This has been an extremely emotional week for everyone. The turmoil in Boston has left the entire nation horrified, and needless to say, there have been some pretty low lows. I have had the unique experience, however, of simultaneously experiencing one of the highest highs, one of biggest accomplishments of my life: defending my master’s thesis and getting my Master of Arts in math.
I have been working on my master’s thesis since August, and after finishing the writing portion of it, I had to give an hour long presentation of the thesis to my math department. The past two weeks have been the most stressful of my entire life. To my surprise (not), the rest of my life kept barreling ahead despite my having to put together this very important talk. What I say next is proof that I am only just now starting to comprehend adult life, but man, it is hard to be responsible. It is hard to get everything done, and done well, when the number of things on your to-do list gets longer but the days do not.
But the point is, I survived and passed the oral exam. I was touched by the number of people that remembered to text me to say good luck/congratulations, and by the friends/colleagues that celebrated with me afterwards. I even had a good friend from California make it to my talk because he was in the area, and having him there was really special. So Thursday, 4/18/13, was an extraordinary day for me. In the rare moments that I forget about everything else I have to do and everything that’s bad in world, I am, however briefly, euphoric.
In terms of running, two things have happened: 1) I got my refurbished Garmin back (yay!!), and 2) my run today was peculiar, but in a good way. I was about 2 miles into my run when all of a sudden, I was mentally and emotionally transported. When I was in college I spent a month in Puebla, Mexico, and although I didn’t remember it smelling a certain way at the time, it must have – I ran past a tree in bloom that smelled exactly like the little neighborhood I lived in during that month, and for a moment, I vividly remembered that period of my life.
The funny thing about scent-induced memories, in my experience, is that they don’t make me remember many details of the events I’m recalling. Rather, they make me remember how I felt, and not only how I felt in terms of emotions, but how I felt as myself during that earlier time in my life. What I mean is that for a split second, I feel the age I am in those memories. In this case, I remembered what it felt like to be 19; what it felt like to be a foreigner; what it felt like to have a plan for my life that, in the end, is not the one I followed.
Of course, once I’m thinking about a specific time in my life, it’s fun to recall some of the details. I don’t think about my time in Mexico very often because it was so brief, and I spent 5 months in Guatemala immediately after that so the memories from Guatemala are more predominant than the ones from Puebla. It has been very pleasant to remember the people, the layout of the house I stayed in, the paletas (fruit popsicles) in exotic flavors, the mole (moh-lay, the sauce), the wedding I attended, and the sights. (A few sights are pictured below)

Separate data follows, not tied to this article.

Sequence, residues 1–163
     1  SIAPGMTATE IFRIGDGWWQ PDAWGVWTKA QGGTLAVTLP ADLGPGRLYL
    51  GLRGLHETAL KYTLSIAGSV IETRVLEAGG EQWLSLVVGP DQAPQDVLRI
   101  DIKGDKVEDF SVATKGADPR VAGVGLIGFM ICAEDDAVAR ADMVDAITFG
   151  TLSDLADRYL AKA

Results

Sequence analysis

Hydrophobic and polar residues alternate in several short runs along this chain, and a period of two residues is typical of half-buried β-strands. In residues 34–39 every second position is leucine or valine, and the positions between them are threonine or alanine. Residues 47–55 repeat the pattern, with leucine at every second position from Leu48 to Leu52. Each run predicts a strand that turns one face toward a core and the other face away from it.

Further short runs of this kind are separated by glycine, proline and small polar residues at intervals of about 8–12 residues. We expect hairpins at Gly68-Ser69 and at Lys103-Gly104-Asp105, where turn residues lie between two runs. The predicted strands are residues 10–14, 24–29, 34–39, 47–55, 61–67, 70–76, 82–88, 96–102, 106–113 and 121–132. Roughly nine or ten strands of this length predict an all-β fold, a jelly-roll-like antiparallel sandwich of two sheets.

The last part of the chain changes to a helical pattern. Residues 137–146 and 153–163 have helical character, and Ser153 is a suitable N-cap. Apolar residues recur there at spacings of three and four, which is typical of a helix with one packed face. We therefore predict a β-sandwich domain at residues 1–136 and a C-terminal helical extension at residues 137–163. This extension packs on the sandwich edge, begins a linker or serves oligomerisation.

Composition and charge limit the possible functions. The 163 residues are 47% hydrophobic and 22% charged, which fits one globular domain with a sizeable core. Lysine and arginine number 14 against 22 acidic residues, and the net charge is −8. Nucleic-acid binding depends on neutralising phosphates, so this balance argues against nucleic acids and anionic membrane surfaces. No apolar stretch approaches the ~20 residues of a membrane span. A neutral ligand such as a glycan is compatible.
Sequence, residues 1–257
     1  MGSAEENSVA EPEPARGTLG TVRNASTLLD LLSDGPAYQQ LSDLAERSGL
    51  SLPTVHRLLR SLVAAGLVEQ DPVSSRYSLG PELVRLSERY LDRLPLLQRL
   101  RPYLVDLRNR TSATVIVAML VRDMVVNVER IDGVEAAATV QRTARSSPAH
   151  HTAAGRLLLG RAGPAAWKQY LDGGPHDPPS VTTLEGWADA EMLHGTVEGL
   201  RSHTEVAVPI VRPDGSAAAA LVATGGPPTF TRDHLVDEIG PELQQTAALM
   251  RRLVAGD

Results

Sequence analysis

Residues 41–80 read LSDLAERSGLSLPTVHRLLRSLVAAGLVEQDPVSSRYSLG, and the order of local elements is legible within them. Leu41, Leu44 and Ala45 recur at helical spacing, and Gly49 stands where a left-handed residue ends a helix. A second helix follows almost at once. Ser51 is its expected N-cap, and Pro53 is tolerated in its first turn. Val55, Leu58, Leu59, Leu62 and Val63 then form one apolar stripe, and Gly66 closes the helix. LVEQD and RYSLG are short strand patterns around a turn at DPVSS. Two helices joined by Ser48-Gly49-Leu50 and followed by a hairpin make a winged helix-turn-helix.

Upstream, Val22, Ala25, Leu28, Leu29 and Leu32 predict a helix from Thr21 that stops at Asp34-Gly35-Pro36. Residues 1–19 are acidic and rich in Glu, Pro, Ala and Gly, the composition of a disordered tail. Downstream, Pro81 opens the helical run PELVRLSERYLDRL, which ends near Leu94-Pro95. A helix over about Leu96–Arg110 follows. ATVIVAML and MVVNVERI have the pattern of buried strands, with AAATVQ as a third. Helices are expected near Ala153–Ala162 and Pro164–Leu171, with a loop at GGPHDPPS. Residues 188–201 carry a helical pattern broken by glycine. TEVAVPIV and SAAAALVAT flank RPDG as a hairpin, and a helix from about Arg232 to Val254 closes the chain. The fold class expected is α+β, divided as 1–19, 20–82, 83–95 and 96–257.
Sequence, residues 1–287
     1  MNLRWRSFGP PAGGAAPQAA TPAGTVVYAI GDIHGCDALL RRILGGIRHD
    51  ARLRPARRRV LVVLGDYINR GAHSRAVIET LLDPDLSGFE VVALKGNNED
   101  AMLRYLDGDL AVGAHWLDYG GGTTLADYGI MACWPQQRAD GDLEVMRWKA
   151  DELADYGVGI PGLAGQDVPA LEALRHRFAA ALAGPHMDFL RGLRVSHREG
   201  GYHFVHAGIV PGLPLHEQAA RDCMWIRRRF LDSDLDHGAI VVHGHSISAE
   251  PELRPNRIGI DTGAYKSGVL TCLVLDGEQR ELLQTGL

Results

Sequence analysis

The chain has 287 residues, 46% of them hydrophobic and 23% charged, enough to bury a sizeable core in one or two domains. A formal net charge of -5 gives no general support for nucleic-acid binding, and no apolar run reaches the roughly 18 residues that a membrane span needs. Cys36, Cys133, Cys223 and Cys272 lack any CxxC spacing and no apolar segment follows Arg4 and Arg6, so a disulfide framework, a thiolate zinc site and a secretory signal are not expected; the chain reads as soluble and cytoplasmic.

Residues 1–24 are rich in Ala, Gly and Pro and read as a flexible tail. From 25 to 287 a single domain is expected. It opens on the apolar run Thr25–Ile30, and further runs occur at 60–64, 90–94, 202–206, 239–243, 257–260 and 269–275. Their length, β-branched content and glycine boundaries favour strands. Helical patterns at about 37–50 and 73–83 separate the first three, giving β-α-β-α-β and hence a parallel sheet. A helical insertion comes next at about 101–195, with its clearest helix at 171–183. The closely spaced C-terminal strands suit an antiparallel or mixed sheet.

Pictured: Street art near Tepotzlan; the Acapulco coastline; Teotihuacán – Pyramid of the Sun
I indulged for a minute or two in nostalgia for Puebla, but soon my mind cleared (as it usually does when I run) and my mental trip was over. After another mile, however, I ran by a line of lilac bushes that were in full bloom and their scent had the same effect as the previous blooms, except this time I became a little kid at my grandparents’ house in Colorado.
Every summer my Mom, my older sister, and I would take a road trip from our home in Arizona to my grandparents’ house in Colorado, and outside their house were two lilac bushes. The scent of lilacs can get very strong in the heat, and the smell permeated their entire yard. My mom has always loved the smell of lilacs and I think it’s because they remind her, too, of her parents. All of my grandparents have passed away at this point, but I realize that I am very lucky to have known them as I did. Upon smelling the lilacs I was, again, first reminded of how it felt to be a kid during those trips, but it later got me to remember things about my grandparents that I don’t think about very often.
My grandpa was the most competitive card player I’ve ever met. He would get angry if he started to lose, and it cracks me up (in retrospect) that he wouldn’t hide his anger even in front of his six year old granddaughter. He was really loving though, and once I realized that he was all bark and no bite, I sort of looked forward to his card-induced temper tantrums :). My grandma read the bible a lot and loved to cook (of course), although she was actually pretty terrible at cooking meat; she inexplicably turned every piece of meat into unseasoned jerky. She made cookies and rolls that were amazing, though. Also, she let me jiggle the sagging skin/fat from her upper arms because it made me laugh. Now that’s love.
I just don’t feel like writing about any other aspects of my run today. It was a good, steady, 6 mile run; nothing noteworthy in terms of time or route or distance (which was all calculated, thanks to my Garmin 🙂 ). What made today’s run extraordinary were these unexpected and forceful scent-memories, and those were a treat to revisit. This Sunday Lina and I will run our 20 miler, and from there it’s a taper until the marathon.
A piece of my heart will always be in Puebla 🙂